If you’re going to present yourselves as USSR and Russia fanboys, can you at least get the grammar in your name right? The Stalinist “US Friends of the Soviet People” group calls itself “США друзья советский народ [SShA druzya sovetskiy narod].” This is extremely bad Russian. I know only a little Russian myself, but I know just enough to tell that this is wrong. Russian has a case system, so the idea of “of” is expressed using the genitive case. The way it is now, it’s “USA Friends Soviet People” with no clear relationship between the words. I think the correct version would be Американские друзья советского народа or Друзья США советского народа. They should have had this checked by someone who knows Russian, but then again, I think these people like to LARP as Soviets without doing any research.
The trouble with tankies
There is a disturbing tendency among some leftists and progressives—derisively called “tankies”—in America, Britain, Germany, and other Western countries to defend Vladimir Putin’s invasion of Ukraine. To do so, they often echo Putin’s lies about wanting to “denazify” and “demilitarise” Ukraine. But Putin’s goal is not merely to “denazify” and “demilitarise” Ukraine. It is the product of a tsarist wet dream. Well before the invasion, Vladimir Putin made his intent loud and clear. In July 2021, just over half a year before his invasion, he wrote:
I am confident that true sovereignty of Ukraine is possible only in partnership with Russia. Our spiritual, human and civilizational ties formed for centuries and have their origins in the same sources, they have been hardened by common trials, achievements and victories. Our kinship has been transmitted from generation to generation. (emphasis mine)
And Putin isn’t the only Russian official to make these kinds of claims. More recently, Oleg Stepanov, the Russian ambassador to Canada, said in Russia in Global Affairs:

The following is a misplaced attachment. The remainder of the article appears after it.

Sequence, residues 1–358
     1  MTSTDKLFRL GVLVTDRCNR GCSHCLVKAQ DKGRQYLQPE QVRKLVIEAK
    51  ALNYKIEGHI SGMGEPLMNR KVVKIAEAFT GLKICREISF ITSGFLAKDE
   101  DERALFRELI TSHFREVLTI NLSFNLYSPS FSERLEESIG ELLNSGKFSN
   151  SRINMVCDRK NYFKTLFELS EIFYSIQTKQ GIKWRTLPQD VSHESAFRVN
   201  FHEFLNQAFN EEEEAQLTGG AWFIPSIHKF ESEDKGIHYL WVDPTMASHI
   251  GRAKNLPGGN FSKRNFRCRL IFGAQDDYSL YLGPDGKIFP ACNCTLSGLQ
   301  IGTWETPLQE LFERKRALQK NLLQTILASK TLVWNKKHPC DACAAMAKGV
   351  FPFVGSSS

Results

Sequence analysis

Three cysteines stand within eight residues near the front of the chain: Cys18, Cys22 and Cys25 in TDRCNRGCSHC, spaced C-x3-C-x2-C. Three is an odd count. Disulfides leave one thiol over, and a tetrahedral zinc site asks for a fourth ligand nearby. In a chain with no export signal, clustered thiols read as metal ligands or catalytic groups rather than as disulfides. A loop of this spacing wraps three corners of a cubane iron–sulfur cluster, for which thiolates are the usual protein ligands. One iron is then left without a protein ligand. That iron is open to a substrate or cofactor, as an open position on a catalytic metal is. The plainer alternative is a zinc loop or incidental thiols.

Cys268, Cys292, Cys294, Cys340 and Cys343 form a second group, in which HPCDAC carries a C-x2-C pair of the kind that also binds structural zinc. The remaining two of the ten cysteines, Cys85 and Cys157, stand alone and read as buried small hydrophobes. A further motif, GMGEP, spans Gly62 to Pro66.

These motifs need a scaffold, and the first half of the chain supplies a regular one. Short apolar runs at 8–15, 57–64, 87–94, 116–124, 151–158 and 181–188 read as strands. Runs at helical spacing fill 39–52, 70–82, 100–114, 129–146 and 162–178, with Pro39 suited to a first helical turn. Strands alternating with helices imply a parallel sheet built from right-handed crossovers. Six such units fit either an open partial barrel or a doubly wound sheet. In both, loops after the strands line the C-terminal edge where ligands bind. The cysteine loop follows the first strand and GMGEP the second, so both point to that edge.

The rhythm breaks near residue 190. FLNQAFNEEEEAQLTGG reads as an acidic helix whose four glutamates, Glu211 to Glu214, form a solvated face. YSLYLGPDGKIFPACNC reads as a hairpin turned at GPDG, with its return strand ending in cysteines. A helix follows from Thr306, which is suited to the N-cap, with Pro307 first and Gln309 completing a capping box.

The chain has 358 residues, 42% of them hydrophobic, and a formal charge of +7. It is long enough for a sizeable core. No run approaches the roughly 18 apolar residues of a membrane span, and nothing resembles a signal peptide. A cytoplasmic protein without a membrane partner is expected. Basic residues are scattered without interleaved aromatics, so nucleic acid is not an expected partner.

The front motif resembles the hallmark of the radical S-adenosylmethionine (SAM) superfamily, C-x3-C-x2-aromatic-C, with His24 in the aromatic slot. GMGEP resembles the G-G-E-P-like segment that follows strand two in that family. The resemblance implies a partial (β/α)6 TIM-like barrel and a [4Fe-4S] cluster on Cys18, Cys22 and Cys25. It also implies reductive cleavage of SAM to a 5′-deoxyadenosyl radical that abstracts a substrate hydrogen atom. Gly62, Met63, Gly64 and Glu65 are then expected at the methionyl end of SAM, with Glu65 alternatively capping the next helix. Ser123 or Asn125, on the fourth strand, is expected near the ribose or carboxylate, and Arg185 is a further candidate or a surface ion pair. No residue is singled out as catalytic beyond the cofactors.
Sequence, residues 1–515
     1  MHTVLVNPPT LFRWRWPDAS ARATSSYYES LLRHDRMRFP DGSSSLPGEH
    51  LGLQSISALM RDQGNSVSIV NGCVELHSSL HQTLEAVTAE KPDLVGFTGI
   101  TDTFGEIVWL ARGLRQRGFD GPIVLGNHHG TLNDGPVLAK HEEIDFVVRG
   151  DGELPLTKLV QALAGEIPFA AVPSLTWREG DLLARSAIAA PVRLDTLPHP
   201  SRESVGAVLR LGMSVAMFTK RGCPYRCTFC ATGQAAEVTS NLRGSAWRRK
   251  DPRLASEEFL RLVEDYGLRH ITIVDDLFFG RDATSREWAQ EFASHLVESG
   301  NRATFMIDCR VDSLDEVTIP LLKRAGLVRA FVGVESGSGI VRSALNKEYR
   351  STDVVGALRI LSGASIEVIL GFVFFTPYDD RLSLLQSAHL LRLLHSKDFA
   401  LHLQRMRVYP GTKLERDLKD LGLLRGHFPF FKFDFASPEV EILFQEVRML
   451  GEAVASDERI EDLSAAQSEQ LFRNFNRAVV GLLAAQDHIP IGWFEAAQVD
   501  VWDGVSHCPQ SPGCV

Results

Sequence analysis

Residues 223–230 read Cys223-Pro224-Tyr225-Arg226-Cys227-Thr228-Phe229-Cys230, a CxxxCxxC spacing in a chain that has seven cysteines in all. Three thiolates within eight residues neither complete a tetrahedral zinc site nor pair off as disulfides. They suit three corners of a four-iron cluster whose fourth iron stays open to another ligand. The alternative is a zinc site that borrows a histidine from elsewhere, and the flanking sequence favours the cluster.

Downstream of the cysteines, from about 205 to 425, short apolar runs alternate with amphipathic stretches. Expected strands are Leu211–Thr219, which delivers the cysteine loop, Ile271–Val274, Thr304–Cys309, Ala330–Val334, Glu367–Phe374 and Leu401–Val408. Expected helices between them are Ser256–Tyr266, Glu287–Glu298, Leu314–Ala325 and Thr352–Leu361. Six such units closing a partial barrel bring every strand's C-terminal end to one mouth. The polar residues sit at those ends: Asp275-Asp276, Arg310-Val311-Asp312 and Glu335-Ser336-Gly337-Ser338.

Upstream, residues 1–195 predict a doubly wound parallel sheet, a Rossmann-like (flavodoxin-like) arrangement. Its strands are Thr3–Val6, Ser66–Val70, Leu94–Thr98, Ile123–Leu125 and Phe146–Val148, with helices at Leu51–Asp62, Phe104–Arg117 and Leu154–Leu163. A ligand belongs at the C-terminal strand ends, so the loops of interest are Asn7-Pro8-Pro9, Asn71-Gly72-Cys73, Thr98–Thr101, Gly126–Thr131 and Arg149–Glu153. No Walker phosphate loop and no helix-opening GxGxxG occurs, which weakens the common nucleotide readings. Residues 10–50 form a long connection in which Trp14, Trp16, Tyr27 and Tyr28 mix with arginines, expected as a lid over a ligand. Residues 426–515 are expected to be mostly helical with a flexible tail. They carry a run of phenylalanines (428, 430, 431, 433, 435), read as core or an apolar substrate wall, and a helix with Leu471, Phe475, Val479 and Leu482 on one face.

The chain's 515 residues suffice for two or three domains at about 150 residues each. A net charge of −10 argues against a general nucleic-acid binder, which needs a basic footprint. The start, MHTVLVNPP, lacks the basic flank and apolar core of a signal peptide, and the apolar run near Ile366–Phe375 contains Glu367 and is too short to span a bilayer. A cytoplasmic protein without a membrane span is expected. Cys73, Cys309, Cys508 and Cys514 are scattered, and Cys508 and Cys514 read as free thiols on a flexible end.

Russia reaffirms the goals of the special military operation. And they all will be achieved. Ukrainians will live in a federal, multilingual, multicultural, democratic, stable, prosperous country free from internal conflict where every citizen feels free and safe. And Russia will provide it. (emphasis mine)
Kiev shall announce that it ceases hostilities, orders its troops and nationalistic units to lay down arms, voluntarily subjects itself to demilitarization and denazification. This is the only way to build a healthy society in Ukraine in accordance with the interests of its people. (emphasis mine)
Stepanov is even blunter than Putin: the “special military operation” is not intended merely to defeat Ukrainian Nazis or ensure its military neutrality. It is to reabsorb Ukraine into the Russian state.
Tankies defend Vladimir Putin’s atrocities in Ukraine, blame the Russian invasion on the United States and its NATO allies, and ignore or outright deny Russia’s oppressive acts against its own people and the people it has conquered. Time and again, they defend Russia’s government and spread its propaganda.
I support Ukraine’s side in its fight against Russian aggression, though this support comes with serious reservations. Keep reading to find out what those reservations are.
It’s hard being a leftist who’s critical of Ukraine but doesn’t support Vladimir Putin’s chauvinistic, revanchist, far-right, corrupt, brutally repressive, capitalist, neoconservative regime. It’s especially hard when you’re critical of Ukraine and Volodymyr Zelensky’s government but also want them to receive military support to quash Putin’s ambitions to reconquer former Soviet states, since most “Ukraine-critical” leftists would rather withdraw aid and push for a peace settlement.
Some on the left—the tankies—support Russia’s invasion as a form of resistance against the imperialist NATO powers. Others—typically pacifists and Trotskyists—want a peace deal to be brokered immediately. Others promote a solidly pro-Kiev* position, advocating the use of more and more sophisticated arms for Zelensky’s forces. I fall into none of those groups. My position is complicated: I am an enthusiastic supporter of ordinary Ukrainian people who are suffering because of the Kremlin’s attacks, but I have harsh criticisms of the government and ultranationalists who use justified anger at Russia to promote regressive policies and justify neo-fascist elements within the Ukrainian armed forces. Regardless, Putin must be driven out of Ukraine for national-security and humanitarian reasons alike.
Of course, it’s hard to know the whole story if you can’t see everything on the ground. But I think I’ve read enough to have an informed opinion.
*A note on nomenclature—I use Russian names for predominantly Russian-speaking areas and cities (e.g., Kiev, Odessa, Kharkov, Lugansk) and Ukrainian ones otherwise (Lviv, Ternopil, Zhytomyr, Ivano-Frankivsk).